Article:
This Week’s Share
- Bok choi, Joi Choi
- Onions, Copra
- Sweet Peppers
- Turnips, Hakurei
- Winter Squash, Delicata
- Bok Choi: The return of cool weather crops is upon us, and with that we welcome back bok choi. This week in your share you will receive two beautiful heads of the variety joi choi. Make sure to wash the leaves thoroughly to rid of any remaining aphids. With weather permitting, you can look forward to seeing another distribution before the season’s end.
- Spinach: As you enjoy your spinach in a salad or sandwich this week you may notice its slightly sweeter flavor. As the weather gets colder spinach tends to sweeten in flavor, just one of the many delights of the fall season.
Quick Asian Salad or Stir-Fry
Note: This combination of ingredients can be served either chopped fresh and coated with an Asian dressing or it can be lightly stir-fried and served with rice.
1 head joi choi, chopped (keep leaves and stems separate)
4-6 hakurei turnips, cut into quarter or eighths depending on the size
1 cup spinach
2 tablespoons tamari soy sauce
1 teaspoon rice wine vinegar
1 teaspoon sesame oil
1 teaspoon peanut oil or other vegetable oil
1 teaspoon sesame seeds (toasted are better)
1 tablespoon minced garlic
1 teaspoon minced ginger
For the salad combine the tamari, sesame oil, peanut oil, rice wine vinegar, sesame seeds, garlic and ginger in small bowl or salad dressing jar and stir or shake vigorously until well combined. Let stand. Meanwhile prepare the joi choi, turnips and spinach and place in a large salad bowl. Add the dressing to the salad and toss until well coated. Let stand for several minutes for flavor to absorb, then enjoy.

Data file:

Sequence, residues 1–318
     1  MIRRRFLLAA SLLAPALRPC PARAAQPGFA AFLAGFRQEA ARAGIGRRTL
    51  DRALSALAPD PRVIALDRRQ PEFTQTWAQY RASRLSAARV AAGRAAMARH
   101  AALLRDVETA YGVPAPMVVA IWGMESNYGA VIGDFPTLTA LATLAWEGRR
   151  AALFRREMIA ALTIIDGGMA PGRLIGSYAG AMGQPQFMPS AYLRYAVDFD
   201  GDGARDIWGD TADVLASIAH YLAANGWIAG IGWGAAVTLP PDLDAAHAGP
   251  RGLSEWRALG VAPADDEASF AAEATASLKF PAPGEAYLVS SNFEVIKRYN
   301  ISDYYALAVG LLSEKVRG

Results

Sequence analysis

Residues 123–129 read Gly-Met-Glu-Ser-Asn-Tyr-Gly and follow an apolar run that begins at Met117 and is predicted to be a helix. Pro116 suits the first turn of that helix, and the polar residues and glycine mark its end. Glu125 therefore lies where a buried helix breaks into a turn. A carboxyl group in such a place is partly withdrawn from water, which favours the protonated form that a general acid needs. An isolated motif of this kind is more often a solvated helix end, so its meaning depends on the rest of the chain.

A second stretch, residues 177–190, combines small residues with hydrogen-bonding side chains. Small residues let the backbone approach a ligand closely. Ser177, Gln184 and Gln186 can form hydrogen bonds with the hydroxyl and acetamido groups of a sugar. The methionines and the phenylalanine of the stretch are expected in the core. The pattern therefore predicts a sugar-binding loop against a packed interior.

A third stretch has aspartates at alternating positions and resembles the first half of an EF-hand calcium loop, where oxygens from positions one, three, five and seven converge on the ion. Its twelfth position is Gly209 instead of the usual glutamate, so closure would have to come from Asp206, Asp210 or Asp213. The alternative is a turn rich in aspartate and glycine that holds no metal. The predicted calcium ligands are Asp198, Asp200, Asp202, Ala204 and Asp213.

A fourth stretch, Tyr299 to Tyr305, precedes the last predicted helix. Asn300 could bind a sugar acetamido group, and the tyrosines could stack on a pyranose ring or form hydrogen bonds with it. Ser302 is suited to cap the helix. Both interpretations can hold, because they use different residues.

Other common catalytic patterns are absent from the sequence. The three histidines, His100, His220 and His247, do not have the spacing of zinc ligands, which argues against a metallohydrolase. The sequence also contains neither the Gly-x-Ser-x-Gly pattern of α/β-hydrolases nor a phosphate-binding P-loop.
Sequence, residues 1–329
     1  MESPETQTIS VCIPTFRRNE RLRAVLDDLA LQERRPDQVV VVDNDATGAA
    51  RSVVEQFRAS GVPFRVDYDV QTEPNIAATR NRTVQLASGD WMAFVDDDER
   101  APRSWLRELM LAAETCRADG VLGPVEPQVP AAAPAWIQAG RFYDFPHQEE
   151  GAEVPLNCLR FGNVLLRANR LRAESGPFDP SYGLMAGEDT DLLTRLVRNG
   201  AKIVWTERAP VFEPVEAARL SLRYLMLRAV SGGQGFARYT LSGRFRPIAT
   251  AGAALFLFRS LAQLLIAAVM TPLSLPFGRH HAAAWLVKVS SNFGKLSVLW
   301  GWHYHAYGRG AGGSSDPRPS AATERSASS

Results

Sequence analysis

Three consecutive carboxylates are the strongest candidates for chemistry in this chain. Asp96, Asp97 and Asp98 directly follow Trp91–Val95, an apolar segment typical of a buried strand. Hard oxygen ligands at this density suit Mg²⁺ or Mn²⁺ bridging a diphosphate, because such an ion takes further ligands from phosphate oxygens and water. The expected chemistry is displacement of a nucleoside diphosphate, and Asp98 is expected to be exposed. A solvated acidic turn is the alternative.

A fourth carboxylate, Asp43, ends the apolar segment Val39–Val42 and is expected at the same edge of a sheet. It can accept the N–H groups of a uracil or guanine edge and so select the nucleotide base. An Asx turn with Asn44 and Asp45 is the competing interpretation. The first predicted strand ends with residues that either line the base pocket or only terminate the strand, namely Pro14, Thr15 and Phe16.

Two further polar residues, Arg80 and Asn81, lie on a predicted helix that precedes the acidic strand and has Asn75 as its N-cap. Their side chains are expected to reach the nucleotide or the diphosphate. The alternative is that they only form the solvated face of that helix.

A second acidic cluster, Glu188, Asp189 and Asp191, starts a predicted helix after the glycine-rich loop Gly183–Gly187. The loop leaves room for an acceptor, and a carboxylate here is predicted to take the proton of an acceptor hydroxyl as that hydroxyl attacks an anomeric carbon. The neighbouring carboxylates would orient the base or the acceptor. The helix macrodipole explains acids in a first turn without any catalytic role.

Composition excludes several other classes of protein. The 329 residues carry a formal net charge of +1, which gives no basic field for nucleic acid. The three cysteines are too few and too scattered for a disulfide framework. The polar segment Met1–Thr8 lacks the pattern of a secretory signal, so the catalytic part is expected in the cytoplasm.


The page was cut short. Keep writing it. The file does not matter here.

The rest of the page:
For stir-fry prepare the vegetables and have all other ingredients at hand. Heat a wok or large sauté pan over medium-high heat, adding the sesame and peanut oil. Add the chopped joi choi stems and turnips to the pan and quickly sauté for 2-3 minutes, then add the ginger and garlic and cook for another 1-2 minutes. When pan is very hot add the tamari and vinegar tossing quickly for 1 minute. Then add the joi choi greens and continue tossing for another 2-3 minutes. Remove from heat when stems and turnips are just tender and greens are wilted. Add the spinach if desired. Serve over rice.
Quick-Pickled Baby Turnips
From The Joy of Pickling by Linda Ziedrich
1 pound hakurei turnips (half your bunch this week), trimmed at the top and bottom
2 teaspoons pickling salt
1 1/2 cups water
1 fresh red jalapeno pepper, seeded and minced, or 1 tablespoon minced pimiento
3 tablespoons sugar
1 1/2 cups rice vinegar or white vinegar
Score each turnip several times at top and bottom. Put the turnips into a bowl. Dissolve the salt in the water, and pour the brine over the turnips. Let them stand for 30 minutes to an hour. Drain the turnips well, then return them to the bowl with the minced pepper, and toss well. Combine the sugar and vinegar, and stir until the sugar dissolves. Pour the liquid over the turnips. Cover the bowl with plastic wrap, and refrigerate and the turnips for two days, after which they will be ready to eat. Well covered and refrigerated, they will keep for several months.
Sweet Pepper Recipes
Red Pepper Quiche
From Herbs Love Tomatoes, Peppers, Onions and Zucchini by Ruth Bass
1 tablespoon extra virgin olive oil
1 sweet red pepper, finely chopped
8 slices bacon
6 ounces Gruyere cheese, finely shredded (1 1/2 cups)
9-inch unbaked pie shell (recipe of your choice or store bought)
1 cup light cream
1/2 cup low-fat milk
1 tablespoon snipped fresh chives
1 teaspoon minced fresh chervil, parsley or tarragon